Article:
Full/Fill is large scale mandala project using shopping carts from big box stores arranged in parking lots and photographed with a drone. "Through the use of the shopping cart, an item that is both utilitarian and a designed marketing tool, I examine relationships between consumption as a necessity, consumerism as an activity and the psychology and spirituality behind the need to 'fill our carts'." - Paula Brett


Make a Mandala!

Mandalas: an art form, therapeutic tool, spiritual practice, and a gift. 

green yellowworkshop


Ever wanted to:

  • Tap into your creative side without fear of "doing it wrong"?
  • Create a unique piece of art made by you, that is frame-worthy to hang in your home?
  • Focus on something you are working on in your life  and have it shift almost magically?
  • Enjoy yourself in a community of like-minded people all creating together?
  • Have some (more) FUN in your life?

Yes, yes and more Yes??

Then I personally invite you to my first-ever Mandala Making Workshop!

November 19, 2014, 7-10pm

$110 includes all supplies, materials, and a 20x24" print of your work


This second workshop is LIVE.  I am offering it at my studio in Tampa, Florida.  (Do not fret if you are not in my neck of the woods, I plan to offer this as an e-course in the very near future).

Get on the WAIT LIST for the c-course HERE!

In this workshop you will be led to make a fabulous creation by yours truly.


I'm Paula Brett and I'm an artist, teacher, and divine mischief-maker.  I believe that even the most left-brained person on earth has an inner artist.  We are born with the ability to express ourselves, yet somehow along the way most of us get a little shut down.  I believe in exercising those parts of us that we may have closed off  just to see what wonderful things can happen when we OPEN!  We all have eyes to behold beauty and we all have hands that can create beauty.  Why not use them for this purpose?

My official Bio: 

From color-infused paintings and  candy mandalas to video self-portraits, Paula Brett’s broad body of work incorporates various combinations of media dealing with ideas such as created identity, coincidence, ritual, and transitory spaces.  Paula has has exhibited work in New York City, Chicago, San Francisco, Florida, Budapest, Hungary; and Timiosoara, Romania.  (That's just a stone's throw from Transylvania, for the geographically challenged.)

Most recently her Candy Mandalas were exhibited at the New York City's famous Dylan's Candy Bar.  She is represented by Elisa Contemporary Art in NYC and by Jules' Place in Boston, MA.  Brett's work is collected internationally and is included in private collections featuring Damien Hirst and  Hiroshi Sugimoto. Paula holds an BS in Art Education from the University of Georgia and an MFA in Interdisciplinary Arts and Media from Columbia College Chicago. She currently resides in Tampa, Florida where she creates and teaches art, mothers two little boys, tries to keep up her yoga practice and be a good friend to her husband.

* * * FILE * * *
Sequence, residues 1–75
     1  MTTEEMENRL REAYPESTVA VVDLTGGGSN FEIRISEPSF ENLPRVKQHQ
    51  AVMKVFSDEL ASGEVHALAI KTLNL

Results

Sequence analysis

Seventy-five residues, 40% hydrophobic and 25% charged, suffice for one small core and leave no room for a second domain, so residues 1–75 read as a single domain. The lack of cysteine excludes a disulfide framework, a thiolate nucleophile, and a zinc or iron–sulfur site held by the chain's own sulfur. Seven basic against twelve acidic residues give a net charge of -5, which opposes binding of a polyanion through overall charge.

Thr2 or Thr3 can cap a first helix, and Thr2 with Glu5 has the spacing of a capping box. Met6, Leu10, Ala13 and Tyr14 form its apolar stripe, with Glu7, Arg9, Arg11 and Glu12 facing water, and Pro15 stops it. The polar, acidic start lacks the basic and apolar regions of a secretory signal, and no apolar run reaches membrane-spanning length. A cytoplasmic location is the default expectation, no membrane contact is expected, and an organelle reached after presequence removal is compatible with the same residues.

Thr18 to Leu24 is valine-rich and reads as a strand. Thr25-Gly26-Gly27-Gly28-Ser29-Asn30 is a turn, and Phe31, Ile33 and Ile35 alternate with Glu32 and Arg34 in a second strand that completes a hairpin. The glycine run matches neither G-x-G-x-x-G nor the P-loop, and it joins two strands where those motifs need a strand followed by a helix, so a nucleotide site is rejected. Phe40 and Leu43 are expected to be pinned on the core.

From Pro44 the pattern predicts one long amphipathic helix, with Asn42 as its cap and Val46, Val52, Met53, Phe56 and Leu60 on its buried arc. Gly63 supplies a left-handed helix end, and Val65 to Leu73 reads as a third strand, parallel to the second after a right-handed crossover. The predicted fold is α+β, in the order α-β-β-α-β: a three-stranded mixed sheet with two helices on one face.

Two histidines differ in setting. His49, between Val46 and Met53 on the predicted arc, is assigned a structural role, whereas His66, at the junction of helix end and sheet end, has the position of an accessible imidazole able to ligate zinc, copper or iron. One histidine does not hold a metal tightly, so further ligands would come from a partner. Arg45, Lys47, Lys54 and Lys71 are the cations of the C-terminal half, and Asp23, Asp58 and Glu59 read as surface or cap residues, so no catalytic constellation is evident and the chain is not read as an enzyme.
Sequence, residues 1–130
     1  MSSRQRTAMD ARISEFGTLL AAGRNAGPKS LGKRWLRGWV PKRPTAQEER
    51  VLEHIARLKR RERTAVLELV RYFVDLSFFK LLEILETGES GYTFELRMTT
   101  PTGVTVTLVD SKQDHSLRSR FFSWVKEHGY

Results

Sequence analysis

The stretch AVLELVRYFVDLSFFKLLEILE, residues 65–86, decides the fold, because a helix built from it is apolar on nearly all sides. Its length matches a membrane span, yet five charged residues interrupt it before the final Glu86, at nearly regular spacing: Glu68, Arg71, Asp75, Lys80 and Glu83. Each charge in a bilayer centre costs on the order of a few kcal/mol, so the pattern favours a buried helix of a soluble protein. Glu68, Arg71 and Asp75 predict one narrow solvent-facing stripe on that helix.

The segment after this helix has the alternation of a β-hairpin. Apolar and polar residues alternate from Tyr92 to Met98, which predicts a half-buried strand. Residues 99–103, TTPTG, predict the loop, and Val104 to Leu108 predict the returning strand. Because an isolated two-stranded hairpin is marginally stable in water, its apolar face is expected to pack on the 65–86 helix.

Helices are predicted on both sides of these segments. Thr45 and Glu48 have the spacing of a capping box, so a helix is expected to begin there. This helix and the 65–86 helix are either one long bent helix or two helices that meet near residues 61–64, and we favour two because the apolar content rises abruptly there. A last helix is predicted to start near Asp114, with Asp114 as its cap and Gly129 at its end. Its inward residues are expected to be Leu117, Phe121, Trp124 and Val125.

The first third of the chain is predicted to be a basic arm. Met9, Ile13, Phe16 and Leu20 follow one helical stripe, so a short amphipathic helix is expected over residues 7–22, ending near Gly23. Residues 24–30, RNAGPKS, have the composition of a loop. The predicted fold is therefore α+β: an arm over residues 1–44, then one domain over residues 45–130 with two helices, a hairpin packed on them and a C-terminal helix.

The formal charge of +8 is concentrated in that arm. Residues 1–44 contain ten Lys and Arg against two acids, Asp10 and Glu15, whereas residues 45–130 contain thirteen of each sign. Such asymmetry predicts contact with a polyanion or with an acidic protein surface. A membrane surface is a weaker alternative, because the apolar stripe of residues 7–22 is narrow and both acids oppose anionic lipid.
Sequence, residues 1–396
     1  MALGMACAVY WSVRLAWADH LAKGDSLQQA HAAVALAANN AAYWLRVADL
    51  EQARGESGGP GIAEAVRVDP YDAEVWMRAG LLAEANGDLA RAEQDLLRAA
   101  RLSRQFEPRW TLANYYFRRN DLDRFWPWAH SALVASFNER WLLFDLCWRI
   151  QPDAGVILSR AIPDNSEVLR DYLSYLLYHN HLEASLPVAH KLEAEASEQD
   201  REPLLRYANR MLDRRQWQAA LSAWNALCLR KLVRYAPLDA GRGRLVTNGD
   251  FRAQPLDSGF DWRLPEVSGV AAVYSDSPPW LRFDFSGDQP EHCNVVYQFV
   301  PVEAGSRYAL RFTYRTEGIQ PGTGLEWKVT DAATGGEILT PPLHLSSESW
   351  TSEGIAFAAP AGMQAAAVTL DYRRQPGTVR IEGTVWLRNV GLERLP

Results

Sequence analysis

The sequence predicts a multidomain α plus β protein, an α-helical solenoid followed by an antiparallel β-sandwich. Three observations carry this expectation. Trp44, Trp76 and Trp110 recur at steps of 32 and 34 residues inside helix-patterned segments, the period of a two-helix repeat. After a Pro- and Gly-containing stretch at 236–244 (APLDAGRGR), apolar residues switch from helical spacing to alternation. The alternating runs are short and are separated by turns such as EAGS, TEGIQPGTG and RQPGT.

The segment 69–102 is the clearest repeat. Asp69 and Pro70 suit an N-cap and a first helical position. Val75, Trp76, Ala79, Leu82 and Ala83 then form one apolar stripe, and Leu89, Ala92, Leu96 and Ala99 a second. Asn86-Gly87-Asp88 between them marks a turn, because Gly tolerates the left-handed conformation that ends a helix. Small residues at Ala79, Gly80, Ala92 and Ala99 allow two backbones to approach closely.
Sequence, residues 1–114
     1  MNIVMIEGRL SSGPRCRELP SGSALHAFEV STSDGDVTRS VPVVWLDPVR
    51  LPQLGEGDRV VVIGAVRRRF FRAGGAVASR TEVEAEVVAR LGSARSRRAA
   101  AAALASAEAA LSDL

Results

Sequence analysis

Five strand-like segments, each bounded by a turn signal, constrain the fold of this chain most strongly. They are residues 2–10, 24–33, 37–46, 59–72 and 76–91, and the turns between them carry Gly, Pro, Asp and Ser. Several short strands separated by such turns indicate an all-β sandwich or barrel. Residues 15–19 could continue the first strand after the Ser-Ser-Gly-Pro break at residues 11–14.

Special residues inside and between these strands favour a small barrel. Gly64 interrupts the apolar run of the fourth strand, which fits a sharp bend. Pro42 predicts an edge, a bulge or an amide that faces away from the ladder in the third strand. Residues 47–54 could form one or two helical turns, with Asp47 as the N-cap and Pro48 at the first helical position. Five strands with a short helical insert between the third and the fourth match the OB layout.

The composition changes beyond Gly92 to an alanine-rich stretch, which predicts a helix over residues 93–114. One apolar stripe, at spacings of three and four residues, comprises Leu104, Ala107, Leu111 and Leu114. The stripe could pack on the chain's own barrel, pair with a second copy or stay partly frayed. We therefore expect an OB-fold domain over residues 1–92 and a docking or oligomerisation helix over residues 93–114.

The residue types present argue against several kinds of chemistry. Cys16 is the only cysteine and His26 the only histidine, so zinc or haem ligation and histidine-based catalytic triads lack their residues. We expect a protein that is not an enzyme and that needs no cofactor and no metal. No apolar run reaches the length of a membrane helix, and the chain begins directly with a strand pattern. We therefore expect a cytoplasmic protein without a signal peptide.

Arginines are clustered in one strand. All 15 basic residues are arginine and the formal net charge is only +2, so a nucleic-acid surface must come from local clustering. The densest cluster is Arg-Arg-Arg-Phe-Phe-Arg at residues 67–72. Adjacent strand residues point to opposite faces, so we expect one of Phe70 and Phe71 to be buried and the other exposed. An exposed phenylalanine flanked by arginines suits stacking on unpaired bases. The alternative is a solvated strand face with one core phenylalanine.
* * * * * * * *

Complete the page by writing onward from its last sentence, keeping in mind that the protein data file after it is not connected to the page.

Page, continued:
Paula is also an art instructor with 15 years of experience.  She has taught in pre-schools, elementary, and high schools as well as colleges and museums in many cities including: Atlanta, Chicago, Moscow, Budapest, and New York City.  Paula has been awarded several teaching grants as well as Top Visual Arts Student for the State of Georgia. After a stint abroad at the Anglo-American International School of Moscow, she moved to Budapest where she helped to spearhead two programs- the Arts Administration Program at the International Business School + Oxford Brookes University and the Docent Training Program for the Ludwig Museum.  At the same time, she started her own studio teaching drawing and painting to expats.



Mandala is as Sanskrit word: manda= essence, la=within; it is a circle that contains the essence. The mandala symbolizes the laws of the universe and, since man is a microcosm of the universe, many cultures believe that the mandala also symbolizes the human soul. I was first intrigued by Mandalas when I saw a documentary about the Tibetan Buddhist Monks who make elaborate Mandalas on the ground with sand. They are essentially prayers that take days to create.  When they are complete, they are blown away- showing the impermanence of life.


In this Mandala Making Workshop, you will create your very own mandalas using the materials of your choice.  The objects will be arranged on the floor and then professionally photographed for you to keep an artful record of your creation.  Making a mandala is a meditative act that focuses energy where the maker chooses.  The objects, colors and design all come together with the intention of the maker to create a very powerful piece of art as well as a kind of transformation for the creator.

woodenlollies        2005-circles-of-healing-installation-view       yellowcandycloseup

The Mandala Making Workshop includes:

  • a sacred space for you to create your beautifully designed mandala

  • so many materials to create- candy, crystals and rocks, small toys, crafty items, paper, paint, flowers, odd objects, etc.

  • a large, full-color print (20x24") of your gorgeous mandala professionally photographed and edited (This alone is worth the price of admission!)

  • delicious hors d'oeuvres and fine, fine wine

  • a group of like-minded folk makin' mandalas

  • your guide and experienced mandala maker to help you make it STUNNING!

Wednesday, November 19th

7-10 pm

Space is limited to 8!  Sign up today to secure your space!

To register, CLICK the button below!


***I personally GUARANTEE you will love what you make.  There really is no way to make something wrong or ugly.  I promise.***

For the cost of a trip to the grocery store (yes, it's true)-- you can have an amazing experience feeling creatively inspired and walk away with a work of art SIGNED BY YOU,  that you are proud to frame and hang on your wall!  

Here is a little video about me and the mandala making process:

Screen shot 2014-07-09 at 12.16.59 PM


It is so much fun to be a creative person.  And you have it in you.  I invite you to come with me and open up to your beautiful, wonderful artistic self.  Have fun.  Be playful.  It's easy.

“Life is the dancer and you are the dance.” ― Eckhart Tolle


Let's do this!







I am an artist who experiments with interactions.  By "testing the reactions" between various art media and subject matter, my intent is to allow connections between different ideas, images and objects to reveal new realities.  My process often employs chance operations, the notion of “play”, and spontaneous creation. These techniques are then worked and reworked until some sort of balance between the conscious and subconscious is reached.  My work often involves the absurd, created identity, coincidence, ritual, personal anecdote, and humor.